Chapter 18. Concurrency with Scala Futures and Akka Actors
In Scala, you can still use Java threads:
// put your long-running code here ...
However, futures and the Actor model are the preferred approaches for concurrency:
Are good for one-shot, “handle this relatively slow and potentially long-running computation, and call me back with a result when you’re done” processing.
Are good for processes that run in parallel, live for a long time, and may respond to many requests during their lifetime.
Both futures and actors let you write code at a much higher level of abstraction than threads, and once you’re comfortable with them, they let you focus on solving the problem at hand, rather than having to worry about the low-level problems of threads, locks, and shared data.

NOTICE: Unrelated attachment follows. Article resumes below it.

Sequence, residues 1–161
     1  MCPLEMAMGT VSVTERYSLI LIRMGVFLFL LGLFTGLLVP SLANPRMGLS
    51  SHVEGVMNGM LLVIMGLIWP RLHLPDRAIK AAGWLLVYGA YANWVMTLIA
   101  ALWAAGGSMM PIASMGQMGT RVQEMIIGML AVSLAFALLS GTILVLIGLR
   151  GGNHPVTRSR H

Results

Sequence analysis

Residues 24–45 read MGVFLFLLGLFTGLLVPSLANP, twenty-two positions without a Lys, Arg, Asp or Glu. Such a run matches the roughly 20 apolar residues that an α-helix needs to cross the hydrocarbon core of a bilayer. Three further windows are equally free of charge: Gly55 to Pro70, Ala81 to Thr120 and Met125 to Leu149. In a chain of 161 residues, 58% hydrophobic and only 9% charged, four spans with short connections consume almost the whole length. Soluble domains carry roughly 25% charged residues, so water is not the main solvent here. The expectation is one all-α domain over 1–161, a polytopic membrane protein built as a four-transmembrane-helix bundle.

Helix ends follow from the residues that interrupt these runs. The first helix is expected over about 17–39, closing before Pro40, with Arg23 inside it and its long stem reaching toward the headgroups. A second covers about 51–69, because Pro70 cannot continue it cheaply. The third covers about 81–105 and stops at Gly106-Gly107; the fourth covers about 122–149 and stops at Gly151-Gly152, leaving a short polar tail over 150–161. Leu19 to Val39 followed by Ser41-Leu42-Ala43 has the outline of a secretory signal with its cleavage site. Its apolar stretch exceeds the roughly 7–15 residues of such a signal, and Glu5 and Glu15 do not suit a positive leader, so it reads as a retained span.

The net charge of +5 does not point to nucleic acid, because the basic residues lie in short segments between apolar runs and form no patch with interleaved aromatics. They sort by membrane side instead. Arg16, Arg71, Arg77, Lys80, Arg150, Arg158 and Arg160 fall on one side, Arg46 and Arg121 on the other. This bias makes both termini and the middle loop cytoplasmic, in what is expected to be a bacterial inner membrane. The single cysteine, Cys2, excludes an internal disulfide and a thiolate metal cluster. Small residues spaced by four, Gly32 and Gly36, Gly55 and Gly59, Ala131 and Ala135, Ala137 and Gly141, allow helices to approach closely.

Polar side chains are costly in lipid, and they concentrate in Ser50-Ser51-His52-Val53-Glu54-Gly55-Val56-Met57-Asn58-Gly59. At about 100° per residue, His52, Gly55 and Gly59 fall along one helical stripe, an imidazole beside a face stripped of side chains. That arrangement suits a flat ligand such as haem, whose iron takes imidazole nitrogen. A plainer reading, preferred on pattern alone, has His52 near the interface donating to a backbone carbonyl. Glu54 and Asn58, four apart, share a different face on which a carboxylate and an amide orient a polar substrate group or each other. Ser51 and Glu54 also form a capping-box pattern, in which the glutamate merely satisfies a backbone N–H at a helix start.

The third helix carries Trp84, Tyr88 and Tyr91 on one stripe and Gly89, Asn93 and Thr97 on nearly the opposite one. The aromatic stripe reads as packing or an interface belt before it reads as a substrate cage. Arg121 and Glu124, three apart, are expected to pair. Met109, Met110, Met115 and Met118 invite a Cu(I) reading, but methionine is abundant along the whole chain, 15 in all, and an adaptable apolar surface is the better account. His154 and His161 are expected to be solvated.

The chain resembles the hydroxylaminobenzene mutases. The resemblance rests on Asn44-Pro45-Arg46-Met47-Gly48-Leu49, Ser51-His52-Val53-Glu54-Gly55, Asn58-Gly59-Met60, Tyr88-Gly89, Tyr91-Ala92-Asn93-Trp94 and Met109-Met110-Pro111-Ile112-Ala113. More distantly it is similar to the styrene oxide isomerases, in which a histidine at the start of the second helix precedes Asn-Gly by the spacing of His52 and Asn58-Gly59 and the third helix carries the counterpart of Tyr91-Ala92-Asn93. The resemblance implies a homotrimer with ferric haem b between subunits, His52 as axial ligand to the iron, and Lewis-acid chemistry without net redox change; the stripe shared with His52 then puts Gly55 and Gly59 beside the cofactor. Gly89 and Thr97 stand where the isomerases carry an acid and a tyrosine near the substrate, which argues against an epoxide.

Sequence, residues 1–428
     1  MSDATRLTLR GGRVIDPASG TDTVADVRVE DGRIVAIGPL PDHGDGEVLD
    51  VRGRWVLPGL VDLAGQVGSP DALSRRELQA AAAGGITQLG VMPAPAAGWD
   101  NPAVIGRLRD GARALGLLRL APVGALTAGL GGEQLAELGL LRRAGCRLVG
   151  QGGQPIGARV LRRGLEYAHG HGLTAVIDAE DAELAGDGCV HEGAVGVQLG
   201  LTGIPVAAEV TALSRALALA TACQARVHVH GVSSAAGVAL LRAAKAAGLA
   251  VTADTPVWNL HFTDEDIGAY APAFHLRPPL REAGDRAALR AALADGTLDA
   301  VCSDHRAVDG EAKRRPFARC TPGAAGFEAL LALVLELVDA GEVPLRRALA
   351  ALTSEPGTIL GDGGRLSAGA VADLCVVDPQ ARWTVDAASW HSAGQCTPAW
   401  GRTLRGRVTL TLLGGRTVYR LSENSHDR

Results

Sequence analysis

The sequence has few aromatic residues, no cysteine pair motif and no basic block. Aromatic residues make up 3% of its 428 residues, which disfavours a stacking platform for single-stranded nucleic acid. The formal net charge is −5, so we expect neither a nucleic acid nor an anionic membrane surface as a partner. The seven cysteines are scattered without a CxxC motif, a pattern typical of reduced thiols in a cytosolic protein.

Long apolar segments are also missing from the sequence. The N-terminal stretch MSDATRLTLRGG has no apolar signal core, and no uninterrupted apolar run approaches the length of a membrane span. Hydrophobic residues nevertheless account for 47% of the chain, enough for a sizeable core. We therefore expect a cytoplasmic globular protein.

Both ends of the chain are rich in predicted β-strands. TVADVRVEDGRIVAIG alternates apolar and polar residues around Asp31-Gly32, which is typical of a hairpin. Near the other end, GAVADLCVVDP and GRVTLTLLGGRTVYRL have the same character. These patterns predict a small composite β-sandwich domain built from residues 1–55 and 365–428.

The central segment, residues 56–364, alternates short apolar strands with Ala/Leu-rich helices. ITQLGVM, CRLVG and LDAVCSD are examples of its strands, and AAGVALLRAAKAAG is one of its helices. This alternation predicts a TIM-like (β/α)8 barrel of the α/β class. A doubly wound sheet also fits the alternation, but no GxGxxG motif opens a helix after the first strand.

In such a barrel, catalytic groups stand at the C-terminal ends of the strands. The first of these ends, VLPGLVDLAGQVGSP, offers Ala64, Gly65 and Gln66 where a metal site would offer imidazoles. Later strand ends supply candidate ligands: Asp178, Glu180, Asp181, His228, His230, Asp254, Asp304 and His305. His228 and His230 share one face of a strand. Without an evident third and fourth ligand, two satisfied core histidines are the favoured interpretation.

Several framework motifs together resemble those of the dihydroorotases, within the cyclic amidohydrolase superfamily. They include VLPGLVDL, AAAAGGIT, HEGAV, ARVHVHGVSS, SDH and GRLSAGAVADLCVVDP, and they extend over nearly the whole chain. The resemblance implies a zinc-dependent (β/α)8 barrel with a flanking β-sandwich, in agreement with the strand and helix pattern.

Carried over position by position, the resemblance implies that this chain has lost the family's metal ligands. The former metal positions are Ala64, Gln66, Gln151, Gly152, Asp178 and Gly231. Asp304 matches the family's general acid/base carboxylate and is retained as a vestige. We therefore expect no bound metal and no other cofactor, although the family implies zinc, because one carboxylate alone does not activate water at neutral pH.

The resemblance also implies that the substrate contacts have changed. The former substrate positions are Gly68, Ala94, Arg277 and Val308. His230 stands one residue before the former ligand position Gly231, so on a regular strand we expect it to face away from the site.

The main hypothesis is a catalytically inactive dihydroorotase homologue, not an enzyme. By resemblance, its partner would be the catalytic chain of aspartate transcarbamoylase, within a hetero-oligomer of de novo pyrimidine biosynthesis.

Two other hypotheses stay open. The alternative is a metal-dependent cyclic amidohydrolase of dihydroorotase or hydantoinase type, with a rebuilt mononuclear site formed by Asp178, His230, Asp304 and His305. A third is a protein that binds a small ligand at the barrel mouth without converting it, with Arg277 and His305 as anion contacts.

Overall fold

Akka and Scala 3
At the time of this writing, Akka has not been ported to Scala 3. Therefore, all the examples in this chapter use the latest version of Scala 2.
Future Scaladoc states, “A
Future represents a value which may or may not currently be available, but will be available at some point, or an exception if that value could not be made available.”
Future is a nice improvement over the Java
Thread in several ways:
Like the typical use of a
Futureis used when you want to create a little “pocket of concurrency” to run a relatively short-lived task in parallel. ...